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Adding a Switch for Direction Reversal in 12v DC Motor W/ PWM Controller System

Figure 1. Modifications required.You can reverse the motor with a double-pole, double-throw (DPDT) switch.Be careful with this. Reversing the motor while at speed will cause high currents to flow as the momentum of the motor must be overcome to reverse it

1. How diodes protect H-bridge DC motor driver?

To supplement Anindo's fine answer, specifically, the voltage across the inductor (i.e., in this case the motor) is \$\$ L fracdidt \$\$Thus, when current is cut off suddenly (exactly what an h-bridge wants to do, especially when controlled as a PWM), \$fracdidt\$ gets extremely large and there is an associated very large spike in voltage. The diodes protect the MOSFETs from these spikes.

2. Can a DC motor be of specification 320Watts, 3A, 24 V?

Sure, they can print anything they want on the sticker. As you noticed, \$24:mathrm V cdot 3:mathrm A = 72:mathrm W\$. To get 320W in any sense (mechanical, electrical, or thermal power) would require more voltage, more current, or both, or a violation of the law of conservation of energy. One then wonders, how do they get 320W?My guess (since the sticker is too brief to say): "320W" is the maximum theoretical mechanical power this motor could produce.A DC motor driven by a fixed voltage has a maximum no-load speed, and a maximum torque which is developed at zero speed. That maximum no-load speed is limited by the battery voltage (here, 24V), and the maximum torque is limited by the stall current, which is not specified but which is probably (a lot) more than 3A. You can get a rough idea by measuring the winding resistance with an ohmmeter, then calculating what the current would be into that resistance at 24V with Ohm's law. Sometimes you have to jiggle the rotor to get the commutator to line up.A linear function then describes the torque vs. speed relationship for a given motor, at a given voltage. From Understanding D.C. Motor Characteristics:Mechanical power is the product of torque and speed, and thus, the motor develops maximal mechanical power at the midpoint of this line, where the motor is running at half its maximum speed and delivering half its maximum torque."320W" likely refers to this maximum theoretical mechanical power. Of course, the motor will overheat if you actually run it under those conditions for very long. Briefly however, it will be fine, as long as you do not generate more heat than would be generated by 3A continuously, or generate so much torque as to damage the motor mechanically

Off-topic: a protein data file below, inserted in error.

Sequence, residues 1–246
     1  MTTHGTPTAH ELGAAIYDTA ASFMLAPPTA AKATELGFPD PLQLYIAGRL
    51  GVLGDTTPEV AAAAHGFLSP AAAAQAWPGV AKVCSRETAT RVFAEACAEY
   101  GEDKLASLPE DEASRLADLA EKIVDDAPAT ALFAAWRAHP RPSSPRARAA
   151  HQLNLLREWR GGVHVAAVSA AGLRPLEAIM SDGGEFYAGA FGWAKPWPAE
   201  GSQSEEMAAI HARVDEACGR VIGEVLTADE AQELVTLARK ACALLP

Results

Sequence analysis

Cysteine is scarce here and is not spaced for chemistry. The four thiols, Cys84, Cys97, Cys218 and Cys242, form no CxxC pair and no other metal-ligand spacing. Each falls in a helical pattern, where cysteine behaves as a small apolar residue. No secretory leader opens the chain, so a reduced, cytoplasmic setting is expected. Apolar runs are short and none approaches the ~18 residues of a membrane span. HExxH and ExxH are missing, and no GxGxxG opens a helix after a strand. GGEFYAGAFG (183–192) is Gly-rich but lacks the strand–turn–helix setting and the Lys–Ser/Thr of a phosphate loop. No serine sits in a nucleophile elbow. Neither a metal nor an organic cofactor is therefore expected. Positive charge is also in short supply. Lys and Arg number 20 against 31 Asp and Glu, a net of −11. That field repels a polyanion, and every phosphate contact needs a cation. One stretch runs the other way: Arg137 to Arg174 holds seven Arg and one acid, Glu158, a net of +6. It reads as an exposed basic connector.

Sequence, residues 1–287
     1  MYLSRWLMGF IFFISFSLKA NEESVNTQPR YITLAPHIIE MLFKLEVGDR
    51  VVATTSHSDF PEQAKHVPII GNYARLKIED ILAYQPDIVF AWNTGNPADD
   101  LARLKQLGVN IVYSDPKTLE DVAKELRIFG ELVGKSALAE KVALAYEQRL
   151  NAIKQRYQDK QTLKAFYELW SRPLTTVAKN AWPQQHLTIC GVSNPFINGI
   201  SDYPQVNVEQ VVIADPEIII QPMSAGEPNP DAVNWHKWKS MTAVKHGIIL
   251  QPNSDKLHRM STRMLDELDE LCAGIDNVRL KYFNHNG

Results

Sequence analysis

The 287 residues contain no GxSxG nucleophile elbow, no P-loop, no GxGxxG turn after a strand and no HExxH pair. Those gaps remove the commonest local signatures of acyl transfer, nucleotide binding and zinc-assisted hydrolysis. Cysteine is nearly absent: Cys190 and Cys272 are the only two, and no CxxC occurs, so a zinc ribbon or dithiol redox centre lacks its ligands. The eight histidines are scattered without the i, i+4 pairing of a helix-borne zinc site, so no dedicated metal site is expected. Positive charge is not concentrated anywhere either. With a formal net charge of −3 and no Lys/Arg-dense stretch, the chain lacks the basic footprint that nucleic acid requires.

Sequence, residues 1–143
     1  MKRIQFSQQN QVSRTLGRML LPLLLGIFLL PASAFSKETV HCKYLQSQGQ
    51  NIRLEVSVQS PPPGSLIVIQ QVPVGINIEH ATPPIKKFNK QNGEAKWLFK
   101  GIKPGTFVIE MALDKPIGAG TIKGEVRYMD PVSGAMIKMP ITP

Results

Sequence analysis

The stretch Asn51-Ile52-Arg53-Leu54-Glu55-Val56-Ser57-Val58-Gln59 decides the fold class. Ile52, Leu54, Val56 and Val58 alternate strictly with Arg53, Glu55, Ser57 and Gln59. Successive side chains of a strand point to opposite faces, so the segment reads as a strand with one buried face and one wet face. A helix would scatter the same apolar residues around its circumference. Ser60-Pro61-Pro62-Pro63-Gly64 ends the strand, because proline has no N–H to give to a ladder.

3. i want to make a dc motor which should run on 10v.?

I would use thirteen.5v at 1.Zero amp. I might location a resistor in sequence in line between the source voltage and the three fans wired in parallel. You are going to need the series resistor to drop 1.5 volts throughout it. The present flowing via the resistor should be (a hundred thirty ma one hundred thirty ma 130 ma) or 390 ma (0. 390 amps). For that reason, 1. 5 v / 0. 390 amps = 3. 85 ohms (use 4. Zero ohms) rated at I^2 x R (0. 390 amps ^2 x 4. 0 ohms) = 0. 600 watts (use 1. 5 watts). The in line resistor must then be 4. 0 ohms at 1. 5 watts. The adapter should force the three parallel lovers just best

4. Strongest DC motor I can find in the 1-1.5 pound range?

Power is speed times torque, so you need either high speed or high torque. If you use a high speed motor, then you need a high speed gear box, which wo not be cheap. Anyway, the most powerful motor will be one that uses Neo permanent magnets, but its not real cheap. For this small size a DC machine will probably be the best choice

5. PID control at small PWM values for a DC motor

You have backlash in the gear train which is like electrical hysteresis. That is causing "hunting". You can minimize the backlash by preloading as in anti-backlash gears. You can adopt a simpler control scheme such as P (perhaps with some control deadband) or PD. The integral term, if present, will integrate any remaining error until motion occurs (unless the I term has deliberate or accidental deadband itself - say due to low ADC resolution).You might want to read this paper by Tim Wescott. Tim does a lot of work with precision electromechanical systems used in military and similar applications.

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